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I came across a really brain-racking problem.

Determine $x$, such that $3^x+3^{-x}=1$.

This is how I tried solving it:

$$3^x+\frac{1}{3^x}=1$$

$$3^{2x}+1=3^x$$

$$3^{2x}-3^x=-1$$

Let $A=3^x$.

$$A^2-A+1=0$$

$$\frac{-1±\sqrt{1^2-4\cdot1\cdot1}}{2\cdot1}=0$$

$$\frac{-1±\sqrt{-3}}{2}=0$$

I end up with

$$\frac{-1±i\sqrt{3}}{2}=0$$

which yields no real solution. And this is not the expected answer.

I'm a 7th grader, by the way. So, I've very limited knowledge on mathematics.

EDIT

I made one interesting observation.

$3^x+3^{-x}$ can be the middle term of a quadratic equation:

$$3^x\cdot\frac{1}{3^x}=1$$

$$3^x+3^{-x}=1$$

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Just building upon previous comments, it doesn't have as you pointed out a Real result but the Imaginary solution can be analytically found as:

$3^x = \dfrac{1\pm\sqrt{3} i}{2}$

Reexpressing rhs in polar notation:

$3^x = e^{i \dfrac{\pi}{3}}$

And changing lhs basis to $e$

$3^x = e^{\ln{3^x}} = e^{x\ln{3}} $

Then:

$\boxed{x = i \dfrac{\pi}{3\ln{(3)}}}$

Note: this is the principal value solution. Due to the periodicity of the function, any $x = i \dfrac{\pi}{3\ln{(3)}} + i \dfrac{2\pi n}{\ln{3}}$, for $n\in \mathbb{Z}$ will also be a solution. Also the 2nd quadrant values need to be considered $x = - i \dfrac{\pi}{3\ln{(3)}} + i \dfrac{2\pi n}{\ln{3}}$

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  • $\begingroup$ Of course, if one embarks on finding complex solutions, there are vastly more solutions than this one. $\endgroup$ – Did Feb 4 '17 at 22:15
  • $\begingroup$ Yes, there are countable infinite solutions due to $2\pi$ periodicity, everyone can seize this detail, otherwise write a post about it, for the moment it seems that the development helped some people to understand how to tackle the problem $\endgroup$ – Arnold Frenzy Feb 5 '17 at 0:17
  • $\begingroup$ Then correct your post (since this is how the site works). $\endgroup$ – Did Feb 5 '17 at 10:18
  • $\begingroup$ The edit is wrong, these are not the solutions. (Unsurprisingly, the OP's extreme agressiveness in now deleted comments correlates well with somewhat shaky mathematical understandings.) $\endgroup$ – Did Feb 5 '17 at 12:42
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    $\begingroup$ you should edit "we" for "I", and which insults? You have thin skin, I was just describing, but nevermind, take my apologies if you think that calling you pedantic was disrespectful and not a description of your behavior and let's move on $\endgroup$ – Arnold Frenzy Feb 5 '17 at 23:05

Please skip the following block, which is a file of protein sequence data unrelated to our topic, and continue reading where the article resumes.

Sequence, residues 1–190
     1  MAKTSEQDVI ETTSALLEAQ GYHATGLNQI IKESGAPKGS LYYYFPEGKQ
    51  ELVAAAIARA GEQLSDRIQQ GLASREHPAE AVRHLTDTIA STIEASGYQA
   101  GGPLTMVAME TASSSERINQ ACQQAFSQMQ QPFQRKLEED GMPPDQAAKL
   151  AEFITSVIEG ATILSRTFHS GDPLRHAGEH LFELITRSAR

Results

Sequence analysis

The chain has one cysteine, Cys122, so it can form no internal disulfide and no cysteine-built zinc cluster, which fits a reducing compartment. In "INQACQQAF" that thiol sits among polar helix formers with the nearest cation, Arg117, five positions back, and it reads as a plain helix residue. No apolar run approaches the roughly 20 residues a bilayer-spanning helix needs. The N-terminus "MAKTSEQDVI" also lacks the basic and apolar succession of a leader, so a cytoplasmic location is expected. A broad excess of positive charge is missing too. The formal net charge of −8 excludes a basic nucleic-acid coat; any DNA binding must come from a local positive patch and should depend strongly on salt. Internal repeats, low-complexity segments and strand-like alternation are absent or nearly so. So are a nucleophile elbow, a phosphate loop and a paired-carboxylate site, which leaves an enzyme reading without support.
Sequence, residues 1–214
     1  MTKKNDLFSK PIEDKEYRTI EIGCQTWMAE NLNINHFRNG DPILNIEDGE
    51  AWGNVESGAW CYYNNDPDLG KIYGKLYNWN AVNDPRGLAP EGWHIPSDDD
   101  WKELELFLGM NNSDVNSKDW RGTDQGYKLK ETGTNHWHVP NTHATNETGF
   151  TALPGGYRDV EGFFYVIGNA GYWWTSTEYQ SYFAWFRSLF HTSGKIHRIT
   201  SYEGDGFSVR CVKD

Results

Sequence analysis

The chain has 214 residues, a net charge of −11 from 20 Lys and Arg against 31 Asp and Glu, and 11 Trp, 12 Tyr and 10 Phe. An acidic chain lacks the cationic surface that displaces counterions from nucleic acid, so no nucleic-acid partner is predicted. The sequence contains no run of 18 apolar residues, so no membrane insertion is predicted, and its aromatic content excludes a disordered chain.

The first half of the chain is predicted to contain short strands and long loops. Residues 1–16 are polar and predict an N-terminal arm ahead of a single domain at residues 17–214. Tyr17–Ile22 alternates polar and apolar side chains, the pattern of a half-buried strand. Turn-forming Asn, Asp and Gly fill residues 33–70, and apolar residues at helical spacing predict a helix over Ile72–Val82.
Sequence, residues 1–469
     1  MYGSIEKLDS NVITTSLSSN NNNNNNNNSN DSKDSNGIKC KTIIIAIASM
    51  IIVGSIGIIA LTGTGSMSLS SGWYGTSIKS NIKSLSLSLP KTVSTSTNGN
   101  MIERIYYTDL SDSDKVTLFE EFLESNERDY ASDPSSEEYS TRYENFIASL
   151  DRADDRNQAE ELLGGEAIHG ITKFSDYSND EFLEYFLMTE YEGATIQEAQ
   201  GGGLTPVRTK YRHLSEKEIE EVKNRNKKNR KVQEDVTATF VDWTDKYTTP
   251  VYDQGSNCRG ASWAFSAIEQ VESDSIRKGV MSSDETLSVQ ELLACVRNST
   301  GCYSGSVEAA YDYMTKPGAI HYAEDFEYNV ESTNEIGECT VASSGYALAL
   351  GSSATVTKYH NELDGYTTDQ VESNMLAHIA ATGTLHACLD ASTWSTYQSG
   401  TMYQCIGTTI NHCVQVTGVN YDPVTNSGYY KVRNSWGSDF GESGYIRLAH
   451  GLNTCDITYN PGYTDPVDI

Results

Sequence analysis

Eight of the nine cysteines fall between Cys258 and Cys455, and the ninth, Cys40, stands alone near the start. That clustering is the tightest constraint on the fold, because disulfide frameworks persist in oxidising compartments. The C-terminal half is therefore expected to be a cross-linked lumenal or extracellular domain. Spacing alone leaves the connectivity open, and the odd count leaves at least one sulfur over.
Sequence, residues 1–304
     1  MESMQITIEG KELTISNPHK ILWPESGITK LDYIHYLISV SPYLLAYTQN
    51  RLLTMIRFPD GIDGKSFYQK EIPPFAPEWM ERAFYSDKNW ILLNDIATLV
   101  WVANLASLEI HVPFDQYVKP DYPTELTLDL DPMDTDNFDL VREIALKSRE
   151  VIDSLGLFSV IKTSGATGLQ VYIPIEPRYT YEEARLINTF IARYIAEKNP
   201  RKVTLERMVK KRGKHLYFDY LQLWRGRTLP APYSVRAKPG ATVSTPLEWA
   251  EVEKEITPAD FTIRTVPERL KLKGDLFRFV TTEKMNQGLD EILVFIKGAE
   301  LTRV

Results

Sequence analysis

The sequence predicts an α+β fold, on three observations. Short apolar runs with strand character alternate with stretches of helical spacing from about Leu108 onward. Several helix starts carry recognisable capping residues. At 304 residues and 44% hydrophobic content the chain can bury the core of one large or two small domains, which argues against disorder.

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Hints (why it's impossible in reals):

  • $3^{x} \gt 0$ for any real $\forall x \in \mathbb{R}$

  • $a + \cfrac{1}{a} \ge 2$ for any positive real $\forall a \in \mathbb{R}^+$

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Note that we have $$ 3^x+3^{-x}=(3^{x/2}-3^{-x/2})^2+2 $$ Apply this to your equation, and you get $$ (3^{x/2}-3^{-x/2})^2=-1 $$ Which means that $3^{x/2}-3^{-x/2}$ is imaginary.

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  • $\begingroup$ You can remove the last line now. $\endgroup$ – Soha Farhin Pine Feb 4 '17 at 8:08
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You have proceeded wrongly. We have $$3^x +3^{-x} =1 $$ $$\Rightarrow 3^{2x} +1 =3^x $$ $$\Rightarrow 3^{2x} -3^x +1=0$$ giving us $$3^x = \frac {1\pm \sqrt {3}i}{2}$$

Notice that the LHS is always real but we have an imaginary part on the RHS. This is enough evidence to suggest that the above equation has no solutions. Hope it helps.

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Note that the function $f(x)=3^x+3^{-x}$ has first derivative $f'(x)=3^x-3^{-x}$ and second derivative $f''(x)=3^x+3^{-x}$. Since $f''(x)>0$ always, this is a convex function that attains a global minimum wherever $f'(x)=0$, so wherever $3^x=3^{-x}$. This occurs at $x=0$, in which the function takes value $f(0)=3^0+3^0=1+1=2$. Therefore, $f(x)\geq2$ for all $x\in\mathbb{R}$ and there does not exist any $x$ such that $3^x+3^{-x}=1$.

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